One of the things that I really appreciate about Anika and her blog Pasando is that she is whole-heartedly believes the "whatever camera in your hand is a good camera" manifesto that I was raving on about here.  She is currently doing a 'creepy countdown' on her blog where all of her photos are taken using her phone camera and then manipulated using "something".  To be honest I have no idea how she creates her creepy images but they are pretty scary for someone with an over-active imagination. Perfect for this time of year!

For more of Anika you can find her at these places.

Pasando blog

Photo credits: Anika Toro



Well, not quite, but almost.  Have you ever tried tilt-shift photography?  I had no idea what it was until last weekend when I look up this tutorial on how to do it.  The editing is a little bit fiddly at first and I think there's a skill in finding the right photos for the effect - it works much better when you have a photo shot from above.  But once you get the hang of it, it's a little more-ish.  I spent way too long searching through my archives for appropriate photos to "make mini".

If you need something else to add to the list of things that keep you glued to the computer screen then this is for you.  I promise an evening will disappear before you've had time to admire the cuteness of your miniature world!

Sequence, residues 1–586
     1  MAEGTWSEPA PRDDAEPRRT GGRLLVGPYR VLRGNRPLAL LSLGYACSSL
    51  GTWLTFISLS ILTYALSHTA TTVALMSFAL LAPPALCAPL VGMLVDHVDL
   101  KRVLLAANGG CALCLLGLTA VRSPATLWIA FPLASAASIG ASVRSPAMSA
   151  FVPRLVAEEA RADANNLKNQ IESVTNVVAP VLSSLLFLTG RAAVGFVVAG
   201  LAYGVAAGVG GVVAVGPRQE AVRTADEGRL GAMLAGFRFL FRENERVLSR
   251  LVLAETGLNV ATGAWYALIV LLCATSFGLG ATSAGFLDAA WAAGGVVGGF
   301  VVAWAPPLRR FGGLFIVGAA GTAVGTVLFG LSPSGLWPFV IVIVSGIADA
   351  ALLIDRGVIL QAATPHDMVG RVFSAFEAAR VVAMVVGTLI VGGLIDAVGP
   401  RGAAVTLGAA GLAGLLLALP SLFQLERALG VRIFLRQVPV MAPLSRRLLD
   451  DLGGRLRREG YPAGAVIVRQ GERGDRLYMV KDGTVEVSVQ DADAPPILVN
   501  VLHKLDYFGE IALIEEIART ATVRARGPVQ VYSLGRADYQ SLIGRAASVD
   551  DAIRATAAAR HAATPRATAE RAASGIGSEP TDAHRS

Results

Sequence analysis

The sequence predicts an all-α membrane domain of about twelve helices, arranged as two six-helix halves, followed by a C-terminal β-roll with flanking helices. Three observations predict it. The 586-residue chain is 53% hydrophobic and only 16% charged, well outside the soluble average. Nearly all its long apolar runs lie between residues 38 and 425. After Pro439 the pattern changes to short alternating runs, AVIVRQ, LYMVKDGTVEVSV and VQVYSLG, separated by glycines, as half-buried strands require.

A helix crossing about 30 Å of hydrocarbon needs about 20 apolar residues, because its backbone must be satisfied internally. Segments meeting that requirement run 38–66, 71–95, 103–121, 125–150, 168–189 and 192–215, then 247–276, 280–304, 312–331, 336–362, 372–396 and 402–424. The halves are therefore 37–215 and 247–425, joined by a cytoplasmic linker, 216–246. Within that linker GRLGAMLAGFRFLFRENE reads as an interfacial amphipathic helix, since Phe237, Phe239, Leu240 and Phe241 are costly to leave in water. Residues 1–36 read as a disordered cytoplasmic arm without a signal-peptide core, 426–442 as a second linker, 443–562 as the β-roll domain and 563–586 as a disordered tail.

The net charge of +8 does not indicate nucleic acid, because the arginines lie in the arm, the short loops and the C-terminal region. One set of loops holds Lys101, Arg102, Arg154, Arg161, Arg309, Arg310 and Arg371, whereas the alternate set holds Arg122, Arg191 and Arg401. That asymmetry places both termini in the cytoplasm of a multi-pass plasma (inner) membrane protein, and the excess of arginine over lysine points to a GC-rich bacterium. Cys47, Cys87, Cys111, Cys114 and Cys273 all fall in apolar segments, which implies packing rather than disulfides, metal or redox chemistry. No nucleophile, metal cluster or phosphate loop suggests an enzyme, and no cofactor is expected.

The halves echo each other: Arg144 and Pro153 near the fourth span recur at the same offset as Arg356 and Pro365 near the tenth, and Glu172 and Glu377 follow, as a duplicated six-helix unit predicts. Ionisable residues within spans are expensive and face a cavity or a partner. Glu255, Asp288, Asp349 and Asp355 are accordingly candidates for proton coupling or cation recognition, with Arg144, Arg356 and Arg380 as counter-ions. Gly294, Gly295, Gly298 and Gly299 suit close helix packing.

Flickr Group for inspiration : Tilt-Shift Miniature Fakes
And link to a Tilt-Shift Maker: tiltshiftmaker.com
48/365: Bikes at the Wall


Knitted Squares

This is the post where I get all self-indulgent and ask for your help.  As many of you know, I have a soft spot for knitting and other crafty pursuits that require wool, sticks and some quiet, meditative time. I also love receiving things in the mail and earlier this year decided to combine the two and join a little knitting swap. Our little group of 12 european knitters have been busy making 12" squares for each other and sending them off in the post each month.  Each month, one lucky lady receives 12 squares of her choosing, enough to make a small patchworked blanket.  Well, my month has come and gone and I have receive my 12 lovely sunny squares.  The only problem is that I'm not sure what to do next, in particular, I'm not really sure how to sew them all together.
I think I need to create a border to frame each one and give the blanket a bit of "togetherness".  At one point I contemplated taking these little squares off my doomed, beach dress and creating a border from them.  I still haven't gone completely off that idea.  It also need a backing, only I'm not sure what.

So ideas?  I'll take any suggestions.  I'd also love to know which option you like A or B  (they're different, I promise).


White Balance

This week we're taking a break from the triad of Shutter speed, Aperture and ISO to talk about White Balance.